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Music Review: Connie Stevens – The Complete Warner Bros. Singles

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Concetta Rosalie Ann Ingoglia, professional name Connie Stevens, was born in 1938 into a musical family in Brooklyn, New York. In her early teens she moved to Missouri where she joined a vocal group called The Foremost, which included the future members of The Lettermen. At 16 she found herself in Los Angeles, marking her professional start in the entertainment industry.

Her big acting break came playing the role of Cricket Blake on the television series Hawaiian Eye for four seasons, 1959-1963. After a couple of guest appearances on the TV series 77 Sunset Strip, she recorded a duet with one of the show’s stars, Ed Byrnes. The novelty song, “Kookie Kookie Lend Me Your Comb,” was a big hit, reaching number four on the Billboard Magazine Pop Singles Charts.

During the ’60s she balanced her acting and singing careers. She released 16 singles for the Warner Brothers label, six of which made the charts. Her biggest hit was “Sixteen Reasons,” which reached number three.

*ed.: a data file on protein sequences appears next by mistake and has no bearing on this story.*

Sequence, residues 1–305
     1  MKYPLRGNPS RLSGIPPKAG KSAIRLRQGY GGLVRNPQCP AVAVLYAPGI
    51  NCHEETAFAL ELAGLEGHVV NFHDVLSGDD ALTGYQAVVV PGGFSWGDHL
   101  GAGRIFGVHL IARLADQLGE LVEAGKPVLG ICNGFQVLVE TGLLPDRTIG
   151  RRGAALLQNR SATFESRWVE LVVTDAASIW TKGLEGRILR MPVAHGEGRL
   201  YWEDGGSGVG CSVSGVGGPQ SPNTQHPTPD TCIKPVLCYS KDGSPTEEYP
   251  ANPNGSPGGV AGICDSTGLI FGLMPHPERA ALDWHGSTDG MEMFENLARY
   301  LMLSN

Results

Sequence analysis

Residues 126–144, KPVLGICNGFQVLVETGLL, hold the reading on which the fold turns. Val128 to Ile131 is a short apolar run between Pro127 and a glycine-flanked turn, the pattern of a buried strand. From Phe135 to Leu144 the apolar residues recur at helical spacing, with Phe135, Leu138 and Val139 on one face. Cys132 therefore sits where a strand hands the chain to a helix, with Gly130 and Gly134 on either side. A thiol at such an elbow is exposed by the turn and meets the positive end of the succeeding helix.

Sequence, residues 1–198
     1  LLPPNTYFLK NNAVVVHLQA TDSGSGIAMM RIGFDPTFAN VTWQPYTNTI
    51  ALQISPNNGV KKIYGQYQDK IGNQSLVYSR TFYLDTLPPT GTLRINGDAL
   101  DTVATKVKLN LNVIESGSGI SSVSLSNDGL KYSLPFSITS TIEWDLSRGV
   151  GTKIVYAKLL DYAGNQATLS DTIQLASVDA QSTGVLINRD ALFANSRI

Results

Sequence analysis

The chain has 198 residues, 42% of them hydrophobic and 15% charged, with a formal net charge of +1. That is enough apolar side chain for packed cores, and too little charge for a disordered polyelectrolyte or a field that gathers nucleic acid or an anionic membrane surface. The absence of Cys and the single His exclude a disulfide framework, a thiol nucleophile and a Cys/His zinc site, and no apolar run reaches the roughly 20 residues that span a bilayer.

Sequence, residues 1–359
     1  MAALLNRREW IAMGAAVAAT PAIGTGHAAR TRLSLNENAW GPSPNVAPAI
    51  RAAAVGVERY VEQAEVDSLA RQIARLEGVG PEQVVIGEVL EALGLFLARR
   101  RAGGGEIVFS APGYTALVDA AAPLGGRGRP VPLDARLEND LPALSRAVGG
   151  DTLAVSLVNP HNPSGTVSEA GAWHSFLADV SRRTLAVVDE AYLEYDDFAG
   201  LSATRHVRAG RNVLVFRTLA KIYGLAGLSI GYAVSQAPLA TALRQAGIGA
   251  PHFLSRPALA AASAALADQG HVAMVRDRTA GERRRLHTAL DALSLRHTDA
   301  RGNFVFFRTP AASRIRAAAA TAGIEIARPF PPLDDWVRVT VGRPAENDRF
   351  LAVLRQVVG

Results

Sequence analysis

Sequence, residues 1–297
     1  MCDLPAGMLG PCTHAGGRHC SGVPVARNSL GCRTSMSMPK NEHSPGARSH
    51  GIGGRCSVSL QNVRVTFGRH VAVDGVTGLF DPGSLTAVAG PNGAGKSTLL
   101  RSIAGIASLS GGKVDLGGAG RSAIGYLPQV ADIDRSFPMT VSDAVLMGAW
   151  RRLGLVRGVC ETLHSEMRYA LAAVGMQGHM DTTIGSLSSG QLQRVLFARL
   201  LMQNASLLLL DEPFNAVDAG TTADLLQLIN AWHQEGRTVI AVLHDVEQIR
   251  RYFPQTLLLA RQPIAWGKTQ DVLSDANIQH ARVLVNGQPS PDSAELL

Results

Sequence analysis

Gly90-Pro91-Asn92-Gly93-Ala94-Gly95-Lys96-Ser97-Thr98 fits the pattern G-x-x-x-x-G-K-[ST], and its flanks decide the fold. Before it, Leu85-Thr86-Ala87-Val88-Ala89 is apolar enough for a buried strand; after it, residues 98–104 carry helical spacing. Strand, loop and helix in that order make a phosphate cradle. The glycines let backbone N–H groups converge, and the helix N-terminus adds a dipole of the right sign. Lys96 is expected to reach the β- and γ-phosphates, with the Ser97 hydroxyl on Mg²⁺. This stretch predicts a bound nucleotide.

Real Gone Music has now gathered her singles for Warner Brothers, plus a few extra songs including “Kookie Kookie Lend Me Your Comb” for a two-disc, 36-track set, The Complete Warner Bros. Singles.

Remastered from the original tapes, the result is a crystal clear listening experience from these mostly half-century-old songs. Be aware, however, that except for the Byrnes duet, all the songs are presented in mono. Stereo recordings for some of the material does indeed exist but the decision was made to go with the recordings of the original singles rather than album tracks, which included more of a stereo sound.

Much of the material has been unavailable for years and, in some cases, decades. Well known songs like “Too Young To Go Steady,” “Why’d You Wanna Make Me Cry,” “Mr. Songwriter,” and “Now That You’ve Gone” combine with such lesser known tunes as “Why Do I Cry For Joey,” “There Goes Your Guy,” “A Girl Never Knows, “If You Don’t Somebody Else Will,” and “And This Is Mine” to form the definitive Connie Stevens release.

Stevens had a good if not powerful voice, which fit the type of lightweight pop material presented here well. Her music in general has a very pre-Beatles sound and will probably only appeal to fans of that era. Nevertheless, The Complete Warner Bros. Singles offers an enjoyable trip back in time with one of the early ’60s female sex symbols, making for an overall nice return to a long-gone era.

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